Becoming Kid Congo Poweers and Making Psychedelic
Jungle (1980 – 1981)
The Cramps in 1981.
So I got the
blessing from Jeffrey to go ahead and pursue an actual music career
(I was not sure we would have that in The Gun Club) and I was a
bit frightened. I didn’t know what would happen. To us, The
Cramps were big rock stars…a real band that made real records
and really played live.
totally sure I could… cut the mustard. So, that was
my first reaction…and then I was really shocked and excited
that my favorite underground band had asked me to play with them.
There was no audition process, they just said, “No, you’re
in the band.” They remembered I looked good and they liked
what they saw in The Gun Club and that was enough for them.
So I was initiated
into the world of The Cramps (which was a very tightly knit kind
of world and a very tightly run ship…and very focused). That
was something new to me. Before, it was very much about certain
records and certain types of records like rockabilly, like garage
rock (stuff I was already into), but now, I was going to have to
dive much deeper into this world. The B-movie world…the horror
movie world. Another chapter in learning about sub-culture started.
said that I had to have a different name. So we went along the process
of thinking of different names for me. That was the first thing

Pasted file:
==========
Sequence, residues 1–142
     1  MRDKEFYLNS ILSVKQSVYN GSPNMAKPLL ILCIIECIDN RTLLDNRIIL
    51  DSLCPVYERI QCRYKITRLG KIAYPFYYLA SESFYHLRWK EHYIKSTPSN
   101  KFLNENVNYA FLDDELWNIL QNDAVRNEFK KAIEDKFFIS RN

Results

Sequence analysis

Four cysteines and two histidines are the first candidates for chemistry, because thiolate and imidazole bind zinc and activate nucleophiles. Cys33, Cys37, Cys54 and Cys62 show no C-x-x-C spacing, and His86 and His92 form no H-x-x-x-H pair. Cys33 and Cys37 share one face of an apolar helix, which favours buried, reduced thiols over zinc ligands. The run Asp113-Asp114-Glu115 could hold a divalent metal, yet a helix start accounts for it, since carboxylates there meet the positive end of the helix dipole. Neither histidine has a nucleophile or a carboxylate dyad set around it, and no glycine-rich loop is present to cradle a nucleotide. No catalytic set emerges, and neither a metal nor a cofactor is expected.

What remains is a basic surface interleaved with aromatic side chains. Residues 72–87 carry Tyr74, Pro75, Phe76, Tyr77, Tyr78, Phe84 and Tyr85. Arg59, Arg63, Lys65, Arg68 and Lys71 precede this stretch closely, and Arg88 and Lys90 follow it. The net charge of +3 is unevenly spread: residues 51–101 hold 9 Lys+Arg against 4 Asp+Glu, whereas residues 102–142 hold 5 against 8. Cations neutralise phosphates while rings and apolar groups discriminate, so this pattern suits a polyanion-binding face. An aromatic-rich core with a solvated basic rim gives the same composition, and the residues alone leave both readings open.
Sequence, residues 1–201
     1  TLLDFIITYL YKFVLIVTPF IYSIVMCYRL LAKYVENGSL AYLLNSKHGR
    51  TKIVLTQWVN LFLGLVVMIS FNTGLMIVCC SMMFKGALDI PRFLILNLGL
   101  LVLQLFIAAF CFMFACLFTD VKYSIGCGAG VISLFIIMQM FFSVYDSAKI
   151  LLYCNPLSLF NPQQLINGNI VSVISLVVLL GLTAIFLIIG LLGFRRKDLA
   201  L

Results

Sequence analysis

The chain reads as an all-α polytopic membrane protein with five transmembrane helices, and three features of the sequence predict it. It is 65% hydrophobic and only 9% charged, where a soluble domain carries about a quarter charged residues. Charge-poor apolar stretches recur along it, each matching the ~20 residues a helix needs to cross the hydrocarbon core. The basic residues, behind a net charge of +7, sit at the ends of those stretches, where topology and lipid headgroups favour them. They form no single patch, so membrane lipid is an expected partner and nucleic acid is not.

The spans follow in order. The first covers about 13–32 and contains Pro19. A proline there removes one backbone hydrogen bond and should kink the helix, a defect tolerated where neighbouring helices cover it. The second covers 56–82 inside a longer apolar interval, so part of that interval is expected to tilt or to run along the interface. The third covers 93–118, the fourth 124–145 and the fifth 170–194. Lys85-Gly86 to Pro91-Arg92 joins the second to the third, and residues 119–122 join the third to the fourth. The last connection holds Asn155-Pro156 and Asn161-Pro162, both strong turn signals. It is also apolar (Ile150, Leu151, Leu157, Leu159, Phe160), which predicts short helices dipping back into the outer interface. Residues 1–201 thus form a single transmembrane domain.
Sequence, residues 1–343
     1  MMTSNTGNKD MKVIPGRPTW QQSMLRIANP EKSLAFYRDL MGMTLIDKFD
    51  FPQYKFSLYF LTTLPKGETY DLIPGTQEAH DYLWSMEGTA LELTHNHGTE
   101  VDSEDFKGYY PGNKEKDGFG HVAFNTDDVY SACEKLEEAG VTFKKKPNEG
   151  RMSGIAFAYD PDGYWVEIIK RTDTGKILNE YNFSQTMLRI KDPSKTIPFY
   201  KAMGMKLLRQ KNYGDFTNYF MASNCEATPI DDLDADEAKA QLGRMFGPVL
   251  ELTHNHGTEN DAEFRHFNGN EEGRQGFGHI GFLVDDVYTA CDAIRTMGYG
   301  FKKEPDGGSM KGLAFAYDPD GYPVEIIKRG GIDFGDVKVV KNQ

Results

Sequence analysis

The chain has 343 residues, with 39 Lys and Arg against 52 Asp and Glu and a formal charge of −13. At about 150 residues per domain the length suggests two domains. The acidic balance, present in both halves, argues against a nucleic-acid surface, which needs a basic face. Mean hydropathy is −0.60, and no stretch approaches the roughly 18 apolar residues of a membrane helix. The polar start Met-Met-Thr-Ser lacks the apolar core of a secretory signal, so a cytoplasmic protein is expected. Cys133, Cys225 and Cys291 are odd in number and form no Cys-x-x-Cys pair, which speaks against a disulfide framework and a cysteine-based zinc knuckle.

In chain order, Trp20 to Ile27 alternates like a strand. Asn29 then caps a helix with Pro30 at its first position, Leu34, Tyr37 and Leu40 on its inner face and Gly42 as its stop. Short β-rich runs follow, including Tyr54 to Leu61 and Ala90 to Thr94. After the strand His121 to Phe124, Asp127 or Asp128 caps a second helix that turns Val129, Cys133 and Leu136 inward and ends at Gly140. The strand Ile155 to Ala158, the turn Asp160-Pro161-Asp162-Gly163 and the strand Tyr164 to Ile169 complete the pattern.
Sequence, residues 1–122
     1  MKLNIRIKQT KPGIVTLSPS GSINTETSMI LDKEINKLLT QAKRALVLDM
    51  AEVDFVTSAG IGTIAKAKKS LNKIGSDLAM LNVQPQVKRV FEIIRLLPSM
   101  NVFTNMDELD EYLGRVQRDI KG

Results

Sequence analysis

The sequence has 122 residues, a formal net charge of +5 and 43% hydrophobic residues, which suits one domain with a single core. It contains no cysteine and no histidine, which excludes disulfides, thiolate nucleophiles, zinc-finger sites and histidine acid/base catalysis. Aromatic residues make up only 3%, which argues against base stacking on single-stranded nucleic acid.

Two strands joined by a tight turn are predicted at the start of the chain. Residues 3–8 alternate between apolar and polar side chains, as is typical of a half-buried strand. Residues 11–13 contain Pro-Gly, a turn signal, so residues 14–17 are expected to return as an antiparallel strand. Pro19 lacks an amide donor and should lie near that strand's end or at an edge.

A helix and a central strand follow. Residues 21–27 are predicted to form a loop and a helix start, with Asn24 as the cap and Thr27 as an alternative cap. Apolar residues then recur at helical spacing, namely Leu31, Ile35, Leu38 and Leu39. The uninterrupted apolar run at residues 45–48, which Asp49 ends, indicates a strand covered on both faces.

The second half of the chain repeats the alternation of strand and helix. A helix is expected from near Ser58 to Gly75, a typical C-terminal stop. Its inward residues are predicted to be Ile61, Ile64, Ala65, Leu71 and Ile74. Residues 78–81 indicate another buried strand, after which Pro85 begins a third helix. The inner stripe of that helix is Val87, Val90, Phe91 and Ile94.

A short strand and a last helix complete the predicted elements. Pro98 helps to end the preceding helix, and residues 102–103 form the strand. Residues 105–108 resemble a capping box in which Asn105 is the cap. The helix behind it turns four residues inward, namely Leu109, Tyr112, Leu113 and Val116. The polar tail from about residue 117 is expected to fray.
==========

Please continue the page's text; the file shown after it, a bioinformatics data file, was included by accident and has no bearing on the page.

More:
I had to do…change my identity. So we came up with a whole
long list of different things… things I thought of, things
they thought of… I had all my friends writing lists of different
things it could be. We were thinking first since my actual name
is Brian I should be “Brian Gris Gris” - instead of
Bryan Gregory. They didn’t go for that. They wanted him gone.
Then there was Mr. Tristan, and then there was “Thing”.
Then one day, I think Ivy and Lux came up with “Congo Powers”
because they had the Congo voodoo candles, Santeria candles (I think
it was called the “Congo” candle). On it, read, “When
you light this candle, Congo powers will be revealed to you”.
So we liked that. Congo Powers sounded really good. Kid was another
name that was floating around…”The Kid”, ”Kid
Murder”, “Kid” this and “Kid” that.
And I actually liked kid a lot Kid was my idea because I thought
it either sounded like a boxer or a pirate. So we thought Kid Congo
Powers had a nice ring to it. It went along with Ivy’s name
at the time (Poison Ivy Rorschach)…a three-word name, Lux
Interior (who got his name from and ad from a car with a “luxury
interior”) and Nick Knox, (who I’m not sure where his
name came from…but it’s a great name).
So, I got my
name and I decided I needed to look the part and so I started to
get looks together…and clothes. I was already quite a sharp
dresser and that was quite of the attraction to them. I had kind
of messy messy greasy greaser hair- kind of punky greaser. They